Paschal Sermon of St. John Chrysostom

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By: St. John Chrysostom
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Paschal Sermon of St. John Chrysostom

The sermon of St. John Chrysostom is read universally throughout the Church, at the Matins service of Holy Pascha. It is mentioned in the service books that everyone should remain standing for this joyous reading. 

If any man is devout and loves God, let him enjoy this fair and radiant triumphal feast!
If any man is a wise servant, let him rejoicing enter into the joy of his Lord.
If any has labored long in fasting, let him now receive his recompense.
If any has worked from the first hour, let him today receive his just reward.
If any has come at the third hour, let him with thankfulness keep the feast.
If any has arrived at the sixth hour, let him have no misgivings; because he shall in nowise be deprived because of it.
If any has delayed until the ninth hour, let him draw near, fearing nothing.And if any has tarried even until the eleventh hour, let him, also, be not alarmed at his tardiness.
For the Lord, who is jealous of his honor, will accept the last even as the first.
He gives rest to him who comes at the eleventh hour, even as to him who has worked from the first hour.

And He shows mercy upon the last, and cares for the first; and to the one He gives, and upon the other He bestows gifts.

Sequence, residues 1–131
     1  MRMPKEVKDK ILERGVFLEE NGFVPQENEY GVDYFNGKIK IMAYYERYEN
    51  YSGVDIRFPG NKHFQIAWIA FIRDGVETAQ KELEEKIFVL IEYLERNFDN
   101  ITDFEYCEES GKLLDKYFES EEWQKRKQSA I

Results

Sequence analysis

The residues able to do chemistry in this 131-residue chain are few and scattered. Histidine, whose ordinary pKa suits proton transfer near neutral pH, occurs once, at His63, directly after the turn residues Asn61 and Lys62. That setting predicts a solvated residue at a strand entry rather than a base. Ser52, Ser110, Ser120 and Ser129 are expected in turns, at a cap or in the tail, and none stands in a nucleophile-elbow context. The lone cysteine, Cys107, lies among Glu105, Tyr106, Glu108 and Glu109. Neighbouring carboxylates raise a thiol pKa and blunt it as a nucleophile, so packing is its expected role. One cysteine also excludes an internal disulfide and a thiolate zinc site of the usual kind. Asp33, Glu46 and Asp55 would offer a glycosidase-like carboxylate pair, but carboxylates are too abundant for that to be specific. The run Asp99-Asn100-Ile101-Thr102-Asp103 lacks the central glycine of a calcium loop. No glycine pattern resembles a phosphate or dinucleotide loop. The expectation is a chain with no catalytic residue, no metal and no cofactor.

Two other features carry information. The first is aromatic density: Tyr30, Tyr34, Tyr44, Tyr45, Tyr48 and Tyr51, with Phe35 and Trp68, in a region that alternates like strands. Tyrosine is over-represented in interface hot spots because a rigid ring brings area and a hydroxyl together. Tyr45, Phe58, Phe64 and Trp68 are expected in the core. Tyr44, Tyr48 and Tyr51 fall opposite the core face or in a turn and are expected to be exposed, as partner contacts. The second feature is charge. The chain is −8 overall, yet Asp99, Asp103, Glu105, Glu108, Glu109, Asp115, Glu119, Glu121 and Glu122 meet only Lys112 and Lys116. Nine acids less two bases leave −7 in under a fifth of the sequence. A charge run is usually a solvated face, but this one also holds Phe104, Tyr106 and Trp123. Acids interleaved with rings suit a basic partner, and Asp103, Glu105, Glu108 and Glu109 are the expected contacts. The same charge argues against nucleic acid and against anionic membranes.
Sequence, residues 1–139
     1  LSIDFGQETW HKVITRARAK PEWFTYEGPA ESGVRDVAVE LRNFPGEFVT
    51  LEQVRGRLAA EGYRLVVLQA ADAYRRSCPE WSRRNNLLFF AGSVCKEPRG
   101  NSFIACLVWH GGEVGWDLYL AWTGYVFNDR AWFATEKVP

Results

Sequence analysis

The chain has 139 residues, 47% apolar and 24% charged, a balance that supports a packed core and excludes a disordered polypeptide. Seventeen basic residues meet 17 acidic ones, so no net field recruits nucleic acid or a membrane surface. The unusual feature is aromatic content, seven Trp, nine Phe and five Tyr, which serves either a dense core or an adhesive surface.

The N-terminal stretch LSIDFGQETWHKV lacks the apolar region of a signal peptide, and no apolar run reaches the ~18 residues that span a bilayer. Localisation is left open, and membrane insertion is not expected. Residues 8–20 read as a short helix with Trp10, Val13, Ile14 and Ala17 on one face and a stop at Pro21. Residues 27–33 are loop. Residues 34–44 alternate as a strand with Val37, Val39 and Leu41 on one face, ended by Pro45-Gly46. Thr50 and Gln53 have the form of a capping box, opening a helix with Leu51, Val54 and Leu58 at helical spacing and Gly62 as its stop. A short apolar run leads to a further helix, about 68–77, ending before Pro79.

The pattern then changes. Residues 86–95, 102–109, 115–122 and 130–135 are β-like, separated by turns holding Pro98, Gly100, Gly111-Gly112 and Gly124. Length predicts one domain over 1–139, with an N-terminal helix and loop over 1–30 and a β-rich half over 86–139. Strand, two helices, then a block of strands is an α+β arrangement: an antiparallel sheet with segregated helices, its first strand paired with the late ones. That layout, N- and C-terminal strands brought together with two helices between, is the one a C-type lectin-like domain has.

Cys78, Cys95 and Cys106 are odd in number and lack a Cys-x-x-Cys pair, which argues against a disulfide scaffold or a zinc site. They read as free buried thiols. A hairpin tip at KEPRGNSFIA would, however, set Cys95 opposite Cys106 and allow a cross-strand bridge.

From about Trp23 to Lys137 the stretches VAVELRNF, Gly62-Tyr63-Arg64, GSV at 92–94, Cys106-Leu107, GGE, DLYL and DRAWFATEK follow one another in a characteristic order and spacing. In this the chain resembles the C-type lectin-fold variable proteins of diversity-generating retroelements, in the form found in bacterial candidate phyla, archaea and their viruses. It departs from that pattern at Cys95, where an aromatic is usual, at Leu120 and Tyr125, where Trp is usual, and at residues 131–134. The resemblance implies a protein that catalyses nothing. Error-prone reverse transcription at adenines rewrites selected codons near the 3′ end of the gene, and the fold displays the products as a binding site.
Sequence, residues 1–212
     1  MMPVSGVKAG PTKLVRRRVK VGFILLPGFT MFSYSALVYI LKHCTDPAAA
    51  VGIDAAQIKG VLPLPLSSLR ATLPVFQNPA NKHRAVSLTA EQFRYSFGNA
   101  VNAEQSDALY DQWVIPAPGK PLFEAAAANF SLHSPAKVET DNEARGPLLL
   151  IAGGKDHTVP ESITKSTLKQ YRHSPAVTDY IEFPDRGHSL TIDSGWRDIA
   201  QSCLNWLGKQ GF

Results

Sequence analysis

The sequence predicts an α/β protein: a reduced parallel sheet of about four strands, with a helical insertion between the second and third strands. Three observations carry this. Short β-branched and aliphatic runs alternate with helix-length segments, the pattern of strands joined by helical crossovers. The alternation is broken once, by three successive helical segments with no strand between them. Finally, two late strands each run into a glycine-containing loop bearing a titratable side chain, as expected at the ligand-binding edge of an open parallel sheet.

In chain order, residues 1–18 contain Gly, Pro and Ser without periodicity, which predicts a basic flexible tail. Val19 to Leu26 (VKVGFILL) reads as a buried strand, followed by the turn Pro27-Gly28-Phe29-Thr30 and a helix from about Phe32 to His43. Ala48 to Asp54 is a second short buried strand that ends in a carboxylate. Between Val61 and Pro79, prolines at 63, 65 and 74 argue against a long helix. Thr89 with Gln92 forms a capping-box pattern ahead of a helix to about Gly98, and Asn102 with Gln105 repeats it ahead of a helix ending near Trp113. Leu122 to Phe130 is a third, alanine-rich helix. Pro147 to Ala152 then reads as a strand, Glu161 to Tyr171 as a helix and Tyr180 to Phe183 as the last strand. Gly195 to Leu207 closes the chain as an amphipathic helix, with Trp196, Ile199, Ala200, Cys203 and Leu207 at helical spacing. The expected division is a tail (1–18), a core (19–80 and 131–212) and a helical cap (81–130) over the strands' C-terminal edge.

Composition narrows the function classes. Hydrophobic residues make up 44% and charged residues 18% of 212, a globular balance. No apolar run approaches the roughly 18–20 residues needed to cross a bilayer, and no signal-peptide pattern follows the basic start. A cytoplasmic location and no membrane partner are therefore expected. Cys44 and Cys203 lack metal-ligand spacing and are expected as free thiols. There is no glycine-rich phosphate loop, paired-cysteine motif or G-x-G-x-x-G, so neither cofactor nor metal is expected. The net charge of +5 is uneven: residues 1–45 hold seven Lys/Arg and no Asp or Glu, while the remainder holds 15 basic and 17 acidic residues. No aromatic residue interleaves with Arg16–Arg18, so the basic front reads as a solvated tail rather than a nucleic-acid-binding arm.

And He both accepts the deeds, and welcomes the intention, and honors the acts and praises the offering.

Therefore, enter all into the joy of your Lord; receive your reward, both the first, and likewise the second.
You rich and poor together, hold high festival! You sober and you heedless, honor the day!
Rejoice today, both you who have fasted and you who have disregarded the fast.
The table is full-laden; feast you all sumptuously.
The calf is fatted; let no one go hungry away.
Enjoy you all the feast of faith: receive you all the riches of loving-kindness.

Let no one bewail his poverty, for the universal Kingdom has been revealed.
Let no one weep for his iniquities, for pardon has shown forth from the grave.
Let no one fear death, for the Savior’s death has set us free. He that was held prisoner of it has annihilated it.
By descending into Hell, He made Hell captive.
He embittered it when it tasted of His flesh.
And Isaiah, foretelling this, cried: Hell, said he, was embittered when it encountered Thee in the lower regions.

It was embittered, for it was abolished.
It was embittered, for it was mocked.
It was embittered, for it was slain.
It was embittered, for it was overthrown.
It was embittered, for it was fettered in chains.
It took a body, and met God face to face.
It took earth, and encountered Heaven.
It took that which was seen, and fell upon the unseen.

O Death, where is your sting?
O Hell, where is your victory?
Christ is risen, and you are overthrown!
Christ is risen, and the demons are fallen!
Christ is risen, and the angels rejoice!
Christ is risen, and life reigns! Christ is risen, and not one dead remains in the grave.
For Christ, being risen from the dead, is become the first-fruits of those who have fallen asleep.

To Him be glory and dominion unto ages of ages. Amen



In this sermon, composed sometime during St. John’s ministry in the late 4th or early 5th century, we fine the Christ Victorious model of the atonement that was the dominant image of the work of Christ among early Christians and among the Orthodox today.  Orthodoxy sees Christ the Victor and interprets the Crucifixion primarily as an act of triumphant victory over the powers of evil. Also, St. John (The Golden Tongue) explains how even those who waited until the very last hour to prepare for Christ’s Resurrection on Easter Sunday should fully share in the feast.